He is most known for his pioneering work on developing the telephone, but Alexander Graham Bell’s interest in transmitting speech led him to experimenting with communication and medical research. He also worked on techniques to teach speech to deaf people and worked with Helen Keller among others. In addition to being an inventor and scientist, Bell was a founding member of the National Geographic Society and was president of the institution for eight years.

The entrepreneur and self-made millionaire from the 19th century Marshall Field, is perhaps best known for creating the modern department store as we now know it. He helped turn Chicago from a small town into a major city and his single store turned into a large chain. The famous London-based department store, Selfridges, was founded and led by a former employee of Marshall Field’s after working under him for 25 years. Field has much to teach us about success.

Soon after returning to Venice, Marco Polo was captured during a sea battle with the Republic of Genoa. In jail at the age of 44, he began to recount his tales to a cellmate. Polo detailed his epic journey across Asia and his stories and adventures from his time as a personal aid to Kublai Khan, the Emperor of China. The resulting book became an inspiration to many other subsequent explorers. There is much to learn from the observations, behaviour and perceptions from the travels of Marco Polo.

Today, I’ll be reviewing Scott Berkun’s latest book, The Dance of the Possible, showing you how to foster your creativity, be more productive and inspire you to get up and make stuff.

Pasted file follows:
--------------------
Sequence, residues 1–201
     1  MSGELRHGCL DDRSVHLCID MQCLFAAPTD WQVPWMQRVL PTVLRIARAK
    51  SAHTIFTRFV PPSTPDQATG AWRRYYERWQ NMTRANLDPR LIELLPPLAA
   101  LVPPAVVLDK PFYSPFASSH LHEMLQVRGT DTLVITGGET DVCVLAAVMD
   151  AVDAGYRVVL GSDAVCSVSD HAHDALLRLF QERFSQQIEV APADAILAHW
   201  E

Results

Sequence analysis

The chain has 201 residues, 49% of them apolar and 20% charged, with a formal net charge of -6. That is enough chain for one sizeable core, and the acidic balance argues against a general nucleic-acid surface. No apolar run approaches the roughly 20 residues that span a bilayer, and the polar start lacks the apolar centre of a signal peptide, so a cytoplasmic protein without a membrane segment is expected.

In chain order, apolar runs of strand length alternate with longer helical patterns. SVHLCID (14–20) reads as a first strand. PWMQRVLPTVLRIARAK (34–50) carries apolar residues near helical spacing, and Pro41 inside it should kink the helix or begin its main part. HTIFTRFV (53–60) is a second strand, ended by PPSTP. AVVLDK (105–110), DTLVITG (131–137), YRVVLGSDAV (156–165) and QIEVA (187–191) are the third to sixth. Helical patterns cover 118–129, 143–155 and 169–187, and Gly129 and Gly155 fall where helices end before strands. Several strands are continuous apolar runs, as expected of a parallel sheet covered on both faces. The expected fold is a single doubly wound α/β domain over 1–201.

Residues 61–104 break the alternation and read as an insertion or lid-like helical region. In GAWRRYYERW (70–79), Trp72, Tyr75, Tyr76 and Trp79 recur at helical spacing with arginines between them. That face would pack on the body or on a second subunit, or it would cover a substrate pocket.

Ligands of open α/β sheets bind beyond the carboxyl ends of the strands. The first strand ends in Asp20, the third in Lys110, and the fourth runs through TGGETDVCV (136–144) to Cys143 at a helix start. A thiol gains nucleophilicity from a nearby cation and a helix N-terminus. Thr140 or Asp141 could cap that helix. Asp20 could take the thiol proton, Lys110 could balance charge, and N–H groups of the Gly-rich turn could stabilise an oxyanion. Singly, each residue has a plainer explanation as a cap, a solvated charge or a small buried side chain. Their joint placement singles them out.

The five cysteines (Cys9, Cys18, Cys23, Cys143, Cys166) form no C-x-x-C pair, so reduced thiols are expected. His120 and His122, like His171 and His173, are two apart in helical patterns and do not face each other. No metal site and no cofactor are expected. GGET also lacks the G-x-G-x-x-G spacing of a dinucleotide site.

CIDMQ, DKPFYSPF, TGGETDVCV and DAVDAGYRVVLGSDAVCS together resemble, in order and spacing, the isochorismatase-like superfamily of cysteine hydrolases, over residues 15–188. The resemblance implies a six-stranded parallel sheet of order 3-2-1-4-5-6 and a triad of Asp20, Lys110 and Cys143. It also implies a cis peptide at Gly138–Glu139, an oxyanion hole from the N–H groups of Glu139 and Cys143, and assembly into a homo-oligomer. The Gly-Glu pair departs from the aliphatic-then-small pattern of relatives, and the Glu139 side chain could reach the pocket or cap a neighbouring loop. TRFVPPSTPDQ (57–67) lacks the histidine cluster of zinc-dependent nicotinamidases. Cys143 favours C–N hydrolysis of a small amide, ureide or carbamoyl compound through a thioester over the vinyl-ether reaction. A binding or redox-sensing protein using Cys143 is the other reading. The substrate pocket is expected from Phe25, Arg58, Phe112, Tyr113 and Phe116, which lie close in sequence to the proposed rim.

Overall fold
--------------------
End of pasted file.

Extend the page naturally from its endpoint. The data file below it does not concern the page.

In this video, I’ll ask you three questions from Hans Rosling’s ignorance test to see if you are smarter than a chimpanzee.

P.T. Barnum was an incredibly successful promoter and showman. He created and ran a travelling circus that was known as “The Greatest Show On Earth”. He was aware of the public’s obsession for the whacky, weird and outrageous and he exploited this by exaggerating and even making up his acts. These included a woman allegedly 161 years old and a real live mermaid (which was actually a monkey wearing a fish tail).

Gustave Le Bon was an expert in many different subjects from Medicine to Psychology to Physics. He is best known for his book, The Crowd: A Study Of The Popular Mind, which explained crowd psychology and why people behave differently in groups.

Extraordinary Popular Delusions and the Madness of Crowds by Charles Mackay is a study on crowd psychology and is extremely relevant to the present day, despite being written back in 1841. It explores how easily we can be misled and how illogically we can think when popular opinion influences us.

Did you know YouTube was created by three former PayPal employees and was originally a dating site? YouTube was created by Chad Hurley, Steve Chen, and Jawed Karim. The logo, website domain and trademark for YouTube were registered on 14th February 2005, with the original idea for it to be an online dating website. Users would be able to upload videos of them introducing themselves and saying what they were interested in, but the idea didn’t take off and the co-founders soon pivoted to become a more general video sharing site.

From a hobby in 2004 to over 1.8 billion monthly active users, here’s the story of Facebook. While he was at Harvard, Mark Zuckerberg built websites as a hobby. He built Facemash, which allowed his classmates to rate students as attractive or not. He also helped friends with another site called HarvardConnection. His friends eventually sued Zuckerberg, claiming he stole their idea for the creation of Facebook.